How Cognitive Behavioural Hypnotherapy Differs

There are thousands of hypnotherapists out there so it is important to make sure that you choose the type of hypnotherapy that is right for you. With this in mind, I thought I would explain more about how Cognitive Behavioural Hypnotherapy (Hypno-CBT) differs from traditional hypnotherapy.

In my opinion, the key difference with Hypno-CBT (trademarked by the UK College of Hypnosis and Hypnotherapy where I studied) is the fact that it concentrates on the present and future rather than being past (regression) based. Plus it is evidence based (for more on relevant studies please contact me).

Whilst not criticising regression based therapy, which has its benefits, I prefer to concentrate on how a client wants to behave or feel rather than focussing on what may have caused the issue. It just seems to suit me as I am very matter-of-fact and solution focussed. There are another couple of reasons why I prefer this approach; firstly, you get more of what you pay attention to, and secondly, I would be worried about false memories.

“Don’t dwell on what went wrong. Instead, focus on what to do next. Spend your energies on moving forward toward finding the answer.”

Denis Waitley

This does not mean we would never talk about the past at all. It can be important in order to learn from history, for example, what worked and did not work in previous attempts to change your situation. It can also be important in terms of core beliefs that you, the client, has. We can definitely use positive past feelings and memories to create useful positive present feelings that help you achieve your goals. However, it is likely that I would do this while we were in the talking rather than the trance part of the session.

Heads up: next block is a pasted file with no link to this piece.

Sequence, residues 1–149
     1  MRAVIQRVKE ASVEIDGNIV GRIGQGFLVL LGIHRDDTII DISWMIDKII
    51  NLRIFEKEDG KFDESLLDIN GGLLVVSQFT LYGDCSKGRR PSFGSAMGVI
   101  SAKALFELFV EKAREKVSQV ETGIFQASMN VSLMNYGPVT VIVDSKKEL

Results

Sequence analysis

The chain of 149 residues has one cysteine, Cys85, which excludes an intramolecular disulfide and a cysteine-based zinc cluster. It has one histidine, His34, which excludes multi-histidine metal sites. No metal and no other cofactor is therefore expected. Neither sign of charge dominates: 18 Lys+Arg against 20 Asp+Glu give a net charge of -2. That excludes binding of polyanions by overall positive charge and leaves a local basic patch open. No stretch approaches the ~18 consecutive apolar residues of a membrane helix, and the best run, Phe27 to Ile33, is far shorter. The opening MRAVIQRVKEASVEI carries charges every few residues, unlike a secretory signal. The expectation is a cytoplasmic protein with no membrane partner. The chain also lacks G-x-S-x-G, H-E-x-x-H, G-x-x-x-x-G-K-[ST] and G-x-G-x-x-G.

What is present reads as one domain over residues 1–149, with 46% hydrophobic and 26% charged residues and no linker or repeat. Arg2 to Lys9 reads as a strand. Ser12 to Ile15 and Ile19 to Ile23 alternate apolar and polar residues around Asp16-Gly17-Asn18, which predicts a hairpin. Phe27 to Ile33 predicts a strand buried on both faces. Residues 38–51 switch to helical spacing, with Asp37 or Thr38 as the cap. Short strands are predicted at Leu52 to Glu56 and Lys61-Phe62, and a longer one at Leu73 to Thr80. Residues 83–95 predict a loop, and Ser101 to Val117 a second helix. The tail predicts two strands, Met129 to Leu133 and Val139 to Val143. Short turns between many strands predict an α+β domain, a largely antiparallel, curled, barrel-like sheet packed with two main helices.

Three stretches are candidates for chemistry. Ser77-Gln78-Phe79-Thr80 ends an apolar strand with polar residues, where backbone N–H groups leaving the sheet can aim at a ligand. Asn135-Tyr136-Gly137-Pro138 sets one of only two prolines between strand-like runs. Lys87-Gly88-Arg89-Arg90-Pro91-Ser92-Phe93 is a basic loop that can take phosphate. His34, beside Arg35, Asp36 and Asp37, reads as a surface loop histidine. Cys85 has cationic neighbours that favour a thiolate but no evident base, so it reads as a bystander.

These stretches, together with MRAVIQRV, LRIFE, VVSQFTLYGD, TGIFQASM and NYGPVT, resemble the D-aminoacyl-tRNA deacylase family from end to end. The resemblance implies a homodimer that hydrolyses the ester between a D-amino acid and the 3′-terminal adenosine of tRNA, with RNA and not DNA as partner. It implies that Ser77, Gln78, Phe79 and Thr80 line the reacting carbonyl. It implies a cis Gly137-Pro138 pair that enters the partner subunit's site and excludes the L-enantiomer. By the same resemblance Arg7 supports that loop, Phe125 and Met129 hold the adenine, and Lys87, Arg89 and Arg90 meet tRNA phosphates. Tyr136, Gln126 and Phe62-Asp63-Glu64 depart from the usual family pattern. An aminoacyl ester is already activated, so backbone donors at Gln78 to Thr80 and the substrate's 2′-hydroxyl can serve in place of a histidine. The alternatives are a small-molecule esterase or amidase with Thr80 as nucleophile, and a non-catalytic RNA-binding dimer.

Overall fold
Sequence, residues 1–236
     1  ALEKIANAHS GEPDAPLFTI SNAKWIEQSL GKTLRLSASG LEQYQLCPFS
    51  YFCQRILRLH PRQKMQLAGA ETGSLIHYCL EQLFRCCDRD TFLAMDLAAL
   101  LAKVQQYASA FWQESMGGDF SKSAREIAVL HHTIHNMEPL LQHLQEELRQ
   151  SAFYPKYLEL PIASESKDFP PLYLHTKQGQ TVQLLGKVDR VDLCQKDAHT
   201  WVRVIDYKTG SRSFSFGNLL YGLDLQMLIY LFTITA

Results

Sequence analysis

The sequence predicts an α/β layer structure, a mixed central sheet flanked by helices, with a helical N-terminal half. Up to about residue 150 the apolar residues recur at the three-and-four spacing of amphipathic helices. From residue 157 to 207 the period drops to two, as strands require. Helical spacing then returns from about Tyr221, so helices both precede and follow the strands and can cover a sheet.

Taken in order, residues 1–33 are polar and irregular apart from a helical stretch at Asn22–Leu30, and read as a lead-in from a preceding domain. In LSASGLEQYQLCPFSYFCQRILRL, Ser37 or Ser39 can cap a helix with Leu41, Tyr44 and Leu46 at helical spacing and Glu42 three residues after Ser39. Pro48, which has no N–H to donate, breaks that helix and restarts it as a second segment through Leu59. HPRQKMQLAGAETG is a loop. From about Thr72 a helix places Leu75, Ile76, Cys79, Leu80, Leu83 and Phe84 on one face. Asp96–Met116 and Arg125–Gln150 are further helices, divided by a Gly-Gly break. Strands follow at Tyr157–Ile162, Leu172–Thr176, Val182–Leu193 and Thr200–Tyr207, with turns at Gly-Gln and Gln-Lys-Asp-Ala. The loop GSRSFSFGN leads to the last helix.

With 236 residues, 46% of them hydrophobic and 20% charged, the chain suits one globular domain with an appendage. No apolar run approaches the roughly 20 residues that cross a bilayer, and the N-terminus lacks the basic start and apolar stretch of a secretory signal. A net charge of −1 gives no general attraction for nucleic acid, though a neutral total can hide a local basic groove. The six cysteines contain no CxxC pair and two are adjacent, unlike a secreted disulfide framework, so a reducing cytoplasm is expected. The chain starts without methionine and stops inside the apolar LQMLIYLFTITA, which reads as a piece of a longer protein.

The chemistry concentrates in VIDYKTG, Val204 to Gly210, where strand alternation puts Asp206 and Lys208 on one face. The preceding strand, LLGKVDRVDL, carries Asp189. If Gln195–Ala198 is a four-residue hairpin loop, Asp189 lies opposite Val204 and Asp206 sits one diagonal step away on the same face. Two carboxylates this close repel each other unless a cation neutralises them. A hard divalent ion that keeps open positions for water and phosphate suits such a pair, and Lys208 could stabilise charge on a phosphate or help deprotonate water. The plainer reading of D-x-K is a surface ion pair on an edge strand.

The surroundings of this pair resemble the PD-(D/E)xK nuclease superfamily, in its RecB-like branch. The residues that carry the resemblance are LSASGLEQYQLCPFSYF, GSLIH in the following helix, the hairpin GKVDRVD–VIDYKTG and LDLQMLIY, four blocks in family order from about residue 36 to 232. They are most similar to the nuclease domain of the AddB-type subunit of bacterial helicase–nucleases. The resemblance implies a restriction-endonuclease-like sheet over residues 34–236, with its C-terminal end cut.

If the belief or historical event is not known to the conscious mind (with some questioning) then there is probably a very good reason for that! Digging over the past that has been buried, in my opinion, would be unhelpful and cause unnecessary suffering. Plus, as previously mentioned there is a risk of false memory syndrome. Moreover, the reason why we maintain the feeling or behaviour may differ from the original cause.

This is obviously a big topic so I will build on this in future blog posts …

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